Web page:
• 27th Nov 08, 4:44 PM
    Thanks for the responses - I like the idea of giving a time frame for the faults to be rectified.

    I have a grasp of contract law and was going to try and rely on the fact that I was enticed into signing for the lease by the existence of the dishwasher and fire when there was no intention on the landlord's part for these to be working (the fire within a reasonable time frame). If I'd known these facts beforehand I wouldn't have signed the agreement.
    Originally posted by inclement
    Would you be happy to stay if they were working?
    Also how long have you been there?
  • Incisor
    • #8
    • 27th Nov 08, 6:00 PM
    • #8
    • 27th Nov 08, 6:00 PM
    ... I have a grasp of contract law and was going to try and rely on the fact that I was enticed into signing for the lease by the existence of the dishwasher and fire when there was no intention on the landlord's part for these to be working (the fire within a reasonable time frame).
    Originally posted by inclement
    I would be more inclined to go on whether these are inventory items. You are arguing that the dishwasher was an enticement into the contract, I would argue that it is scheduled to be made available under the contract.
  • inclement
    • #9
    • 27th Nov 08, 7:01 PM
    • #9
    • 27th Nov 08, 7:01 PM
    To be honest with the way that the landlord is, I just want to get out of the property soon with a minimal amount of fuss. I've been in 2 months out of a 12 month contract and it's been a nightmare !

    The best position for me would be to be able to get him to agree to terminate the contract however I would be prepared to go down the breach of contract route to get out of the house early.

    Any thoughts on the early termination route ?

    Also, I've read that if I do leave and he deems that I am the one breaching the contract, he will need to do as much as he can to find a new tenant to mitigate the loss in rent.
  • mlz1413
    To be honest with the way that the landlord is, I just want to get out of the property soon with a minimal amount of fuss. I've been in 2 months out of a 12 month contract and it's been a nightmare !

    The best position for me would be to be able to get him to agree to terminate the contract however I would be prepared to go down the breach of contract route to get out of the house early.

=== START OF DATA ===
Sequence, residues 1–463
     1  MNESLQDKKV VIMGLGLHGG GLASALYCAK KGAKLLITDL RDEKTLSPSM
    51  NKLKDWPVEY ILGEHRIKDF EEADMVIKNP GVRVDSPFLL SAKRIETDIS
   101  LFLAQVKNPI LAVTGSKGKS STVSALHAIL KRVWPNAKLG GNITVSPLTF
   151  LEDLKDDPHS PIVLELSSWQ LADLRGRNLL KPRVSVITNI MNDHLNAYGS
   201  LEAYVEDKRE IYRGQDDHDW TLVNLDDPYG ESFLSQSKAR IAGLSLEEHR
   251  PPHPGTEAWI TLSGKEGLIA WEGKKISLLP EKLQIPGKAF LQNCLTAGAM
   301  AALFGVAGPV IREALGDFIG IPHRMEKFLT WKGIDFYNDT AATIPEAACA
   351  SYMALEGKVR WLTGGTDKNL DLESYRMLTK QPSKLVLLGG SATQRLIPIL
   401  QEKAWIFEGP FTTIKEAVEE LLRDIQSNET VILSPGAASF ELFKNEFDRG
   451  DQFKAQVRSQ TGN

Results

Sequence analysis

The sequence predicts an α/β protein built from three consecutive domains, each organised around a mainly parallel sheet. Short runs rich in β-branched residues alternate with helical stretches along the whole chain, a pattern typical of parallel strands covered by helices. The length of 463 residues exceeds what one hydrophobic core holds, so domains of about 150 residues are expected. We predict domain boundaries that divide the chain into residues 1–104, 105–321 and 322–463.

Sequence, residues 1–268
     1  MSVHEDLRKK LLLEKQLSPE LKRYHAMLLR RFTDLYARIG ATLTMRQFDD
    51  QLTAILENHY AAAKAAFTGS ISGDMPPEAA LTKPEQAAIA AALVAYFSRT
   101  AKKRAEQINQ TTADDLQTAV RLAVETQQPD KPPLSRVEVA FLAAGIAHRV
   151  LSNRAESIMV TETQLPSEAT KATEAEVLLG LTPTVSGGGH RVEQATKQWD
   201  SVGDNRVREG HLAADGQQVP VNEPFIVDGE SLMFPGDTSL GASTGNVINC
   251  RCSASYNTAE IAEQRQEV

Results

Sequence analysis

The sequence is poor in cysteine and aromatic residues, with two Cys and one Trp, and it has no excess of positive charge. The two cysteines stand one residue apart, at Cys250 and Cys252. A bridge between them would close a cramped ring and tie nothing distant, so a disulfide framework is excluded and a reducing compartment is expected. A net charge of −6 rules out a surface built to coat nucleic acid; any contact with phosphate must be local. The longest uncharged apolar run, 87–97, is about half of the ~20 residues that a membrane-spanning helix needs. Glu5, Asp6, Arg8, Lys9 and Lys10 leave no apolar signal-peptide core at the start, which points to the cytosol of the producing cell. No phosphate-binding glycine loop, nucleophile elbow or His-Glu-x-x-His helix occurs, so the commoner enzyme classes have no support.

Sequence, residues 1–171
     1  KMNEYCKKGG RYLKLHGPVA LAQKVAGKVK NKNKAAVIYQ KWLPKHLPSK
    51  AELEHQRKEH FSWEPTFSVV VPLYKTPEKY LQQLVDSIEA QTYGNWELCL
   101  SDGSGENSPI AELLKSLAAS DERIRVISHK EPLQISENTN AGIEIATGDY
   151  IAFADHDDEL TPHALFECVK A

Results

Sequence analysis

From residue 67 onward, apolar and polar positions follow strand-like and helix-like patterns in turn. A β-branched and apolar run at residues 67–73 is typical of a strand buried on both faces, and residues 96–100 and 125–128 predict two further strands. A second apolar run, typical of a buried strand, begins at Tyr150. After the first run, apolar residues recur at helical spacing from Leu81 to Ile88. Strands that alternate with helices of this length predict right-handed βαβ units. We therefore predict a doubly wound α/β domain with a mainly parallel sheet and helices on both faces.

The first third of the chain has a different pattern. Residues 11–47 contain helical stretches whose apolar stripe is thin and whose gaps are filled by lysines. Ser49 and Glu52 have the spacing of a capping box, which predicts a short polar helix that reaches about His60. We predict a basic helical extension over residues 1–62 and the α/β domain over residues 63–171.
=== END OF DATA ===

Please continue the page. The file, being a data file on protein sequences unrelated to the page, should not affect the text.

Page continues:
Any thoughts on the early termination route ?

    Also, I've read that if I do leave and he deems that I am the one breaching the contract, he will need to do as much as he can to find a new tenant to mitigate the loss in rent.
    Originally posted by inclement
    I thought it was you who had to do as much as possible to get a new tenant in? I think if the LL does it you are liabile for the costs incurred including rent up until he finds new tenant - in other words don't except LL to put in too much effort!

    In your situation I would try appealing to the LL along the lines of; the cost to plumb in dishwasher, fix fire, stop leak, replace/make good the rotten carpet is so high would he prefer you to find a new tenant and let you leave early.

    The only other thing not confirmed is your deposit, is that in a scheme?
    Last edited by mlz1413; 28-11-2008 at 1:12 PM. Reason: typo
  • N79
    To be honest with the way that the landlord is, I just want to get out of the property soon with a minimal amount of fuss. I've been in 2 months out of a 12 month contract and it's been a nightmare !

    The best position for me would be to be able to get him to agree to terminate the contract however I would be prepared to go down the breach of contract route to get out of the house early.

    Any thoughts on the early termination route ?

    Also, I've read that if I do leave and he deems that I am the one breaching the contract, he will need to do as much as he can to find a new tenant to mitigate the loss in rent.
    Originally posted by inclement
    While I deeply sympathise with you and I am sorry that you have such a bad LL you can not just terminate early. As you correctly identify, this would mean you would be in breach. The LL has to take reasonable steps to mitigate his losses, not as much as he can. Any replacement you propose would be subject to vetting by the LL.

    You have had good advice from MLZ1413 above with regard to the correct procedure for writing letters and trying to progress the claim. However you are a long way from being able to withhold rent or leave early blaming the LL I am afraid.

    In the meantime can I offer the following on your problems. I am not making excuses for the LL but this might help you live more comfortably.

    1. Dishwasher - why not plumb it in yourself. If the correct points are already available then this is a 10 minute and zero cost job. If there is no waste pipe then fitting one is a 30 minute and a few pound job. Even fitting a cold water supply pipe is very easy these days.

    2. Take the rubbish to the tip yourself (after informing the LL by letter that you will do this and giving him a couple of weeks to arrange it himself).

    3. Have you tried tightening the leaking CH joint - it may be a very simple fix!